He founded Hollywood Math and Science Film Consulting. He wrote to the staff of Numb3rs, suggesting that they, in conjunction with the National Council of Teachers of Mathematics, create homework assignments that teachers could use focusing on the math and science in the show. Nine months later, Numb3rs inaugurated the “We All Use Math Every Day” program, with the National Council of Teachers of Mathematics and Texas Instruments. This program creates homework assignments that teachers can use focusing on the math and science in the show. Dr. Farley also used his idea with Dr. Tony Harkin for Flatland the Movie, starring Martin Sheen, Michael York, and Kristen Bell.

Jonathan Farley has also worked with the National Action Council for Minorities in Engineering and the Algebra Project.  Jonathan Farley co-founded the consulting group Axum Educational Solutions.   He started Peren Linn Fashion, a line of math themed clothes for girls, with Frau Peren Linn and Girls Equal, a nonprofit with Ms. Mira Alden, to ignite interest in girls in the area of higher mathematics.

He is also involved with Equations of Peace which is a STEM cross cultural initiative.”

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Jeanette Jo Epps

Jeanette Epps

African-American Jeanette Jo Epps is an engineer, an CIA intelligence officer, and current NASA astronaut.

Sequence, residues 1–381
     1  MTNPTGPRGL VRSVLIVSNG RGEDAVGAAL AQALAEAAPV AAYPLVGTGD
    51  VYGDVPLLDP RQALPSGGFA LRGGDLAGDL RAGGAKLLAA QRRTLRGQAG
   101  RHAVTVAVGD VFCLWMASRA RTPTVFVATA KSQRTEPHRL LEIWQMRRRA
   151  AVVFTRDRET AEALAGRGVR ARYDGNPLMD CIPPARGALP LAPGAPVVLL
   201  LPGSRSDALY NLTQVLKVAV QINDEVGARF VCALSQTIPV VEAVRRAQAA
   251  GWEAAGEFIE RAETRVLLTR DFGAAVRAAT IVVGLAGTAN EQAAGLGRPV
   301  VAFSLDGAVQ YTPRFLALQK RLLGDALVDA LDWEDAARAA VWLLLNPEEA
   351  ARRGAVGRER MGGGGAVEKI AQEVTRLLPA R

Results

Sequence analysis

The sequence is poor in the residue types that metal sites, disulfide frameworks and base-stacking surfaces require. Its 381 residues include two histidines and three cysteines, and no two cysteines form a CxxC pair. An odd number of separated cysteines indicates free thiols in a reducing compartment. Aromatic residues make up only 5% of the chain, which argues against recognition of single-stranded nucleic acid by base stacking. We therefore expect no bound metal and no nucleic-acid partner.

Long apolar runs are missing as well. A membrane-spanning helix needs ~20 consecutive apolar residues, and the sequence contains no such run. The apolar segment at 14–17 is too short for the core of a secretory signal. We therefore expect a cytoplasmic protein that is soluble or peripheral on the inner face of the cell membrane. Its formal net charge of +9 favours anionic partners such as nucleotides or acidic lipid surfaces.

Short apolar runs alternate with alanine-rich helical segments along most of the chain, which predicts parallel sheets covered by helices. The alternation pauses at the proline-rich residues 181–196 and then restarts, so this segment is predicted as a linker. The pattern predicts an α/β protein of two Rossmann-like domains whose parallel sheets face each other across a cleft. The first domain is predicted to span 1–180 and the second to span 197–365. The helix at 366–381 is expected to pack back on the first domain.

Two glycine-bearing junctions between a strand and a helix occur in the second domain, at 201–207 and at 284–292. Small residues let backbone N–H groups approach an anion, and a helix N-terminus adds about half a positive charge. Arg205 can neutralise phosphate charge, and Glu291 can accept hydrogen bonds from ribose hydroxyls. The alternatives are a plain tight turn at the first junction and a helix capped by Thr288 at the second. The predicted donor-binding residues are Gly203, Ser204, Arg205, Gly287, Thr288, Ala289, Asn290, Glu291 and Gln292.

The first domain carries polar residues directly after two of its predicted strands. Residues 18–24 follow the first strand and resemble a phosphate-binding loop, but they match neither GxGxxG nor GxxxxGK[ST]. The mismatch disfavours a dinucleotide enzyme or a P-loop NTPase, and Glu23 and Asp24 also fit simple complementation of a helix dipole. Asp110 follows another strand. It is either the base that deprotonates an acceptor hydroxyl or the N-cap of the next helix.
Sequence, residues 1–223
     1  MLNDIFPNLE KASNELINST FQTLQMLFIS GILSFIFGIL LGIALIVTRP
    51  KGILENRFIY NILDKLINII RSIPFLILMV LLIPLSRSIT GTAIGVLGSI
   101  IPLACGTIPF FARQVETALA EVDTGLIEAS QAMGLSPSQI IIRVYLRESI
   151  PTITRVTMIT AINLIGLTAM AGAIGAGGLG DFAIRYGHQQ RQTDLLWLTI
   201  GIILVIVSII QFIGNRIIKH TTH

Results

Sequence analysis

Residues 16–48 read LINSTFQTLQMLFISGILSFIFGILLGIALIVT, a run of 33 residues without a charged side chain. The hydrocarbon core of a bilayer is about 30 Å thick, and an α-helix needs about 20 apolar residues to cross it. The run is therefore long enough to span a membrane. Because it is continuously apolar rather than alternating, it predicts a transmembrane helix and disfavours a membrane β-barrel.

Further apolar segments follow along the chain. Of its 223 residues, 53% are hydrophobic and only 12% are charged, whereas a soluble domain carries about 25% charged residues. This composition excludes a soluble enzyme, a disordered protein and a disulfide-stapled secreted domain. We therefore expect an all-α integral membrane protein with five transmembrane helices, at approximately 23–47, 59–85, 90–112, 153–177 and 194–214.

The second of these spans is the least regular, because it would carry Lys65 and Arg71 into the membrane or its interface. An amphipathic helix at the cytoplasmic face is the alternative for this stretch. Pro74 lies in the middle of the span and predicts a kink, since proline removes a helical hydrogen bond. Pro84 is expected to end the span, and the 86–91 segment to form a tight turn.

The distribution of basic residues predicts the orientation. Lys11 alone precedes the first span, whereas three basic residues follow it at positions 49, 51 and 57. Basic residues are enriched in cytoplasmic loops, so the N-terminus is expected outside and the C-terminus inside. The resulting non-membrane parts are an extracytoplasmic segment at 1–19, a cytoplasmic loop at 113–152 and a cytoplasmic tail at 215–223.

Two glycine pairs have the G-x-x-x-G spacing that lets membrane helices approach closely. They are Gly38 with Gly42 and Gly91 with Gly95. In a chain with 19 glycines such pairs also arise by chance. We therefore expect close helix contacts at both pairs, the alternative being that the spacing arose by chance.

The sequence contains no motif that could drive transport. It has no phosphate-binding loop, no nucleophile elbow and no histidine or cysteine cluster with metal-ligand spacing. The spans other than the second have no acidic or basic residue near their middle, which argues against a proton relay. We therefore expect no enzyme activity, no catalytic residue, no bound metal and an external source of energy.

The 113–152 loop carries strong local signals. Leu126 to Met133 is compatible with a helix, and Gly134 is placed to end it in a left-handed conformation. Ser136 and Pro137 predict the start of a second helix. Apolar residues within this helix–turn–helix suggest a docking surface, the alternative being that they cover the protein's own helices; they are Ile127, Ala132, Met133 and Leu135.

Jeanette Epps
Jeanette Epps

After graduating, Epps worked in research at Ford Motor Company, then as a Technical Intelligence Officer with the Central Intelligence Agency (CIA). She was selected in July 2009 as 1 of 14 members of the 20th NASA astronaut class. She graduated from Astronaut Candidate Training that included intensive instruction in International Space Station systems, Extravehicular Activity (EVA), robotics, physiological training, T-38 flight training and water and wilderness survival training.

Epps earned a Bachelor of Science in Physics from LeMoyne College in 1992, as well as a Master of Science and Doctor of Philosophy in Aerospace Engineering from the University of Maryland in 1994 and 2000, respectively. She is the author of several highly cited journal articles describing her research involving extensive testing of composite swept-tip beams, comparative analysis of analytical models and experimental data for shape memory alloys, and the application of shape memory alloy actuators for helicopter rotor blade tracking.

At Ford Motor Company she developed magnetostrictive actuators to reduce vibrations that enter a vehicle via the suspension control arms. Dr. Epps also investigated automobile collision location detection and countermeasure systems, which resulted in the granting of a U.S. Patent.

She was a three time recipient of the Exceptional Performance Award (2003, 2004 and 2008) while she was at the CIA. Dr. Epps is a member of AIAA and the Society for Science and the Public. Dr. Epps is the first Ph.D. graduate of the University of Maryland’s Dept. of Aerospace Engineering to become a NASA Astronaut.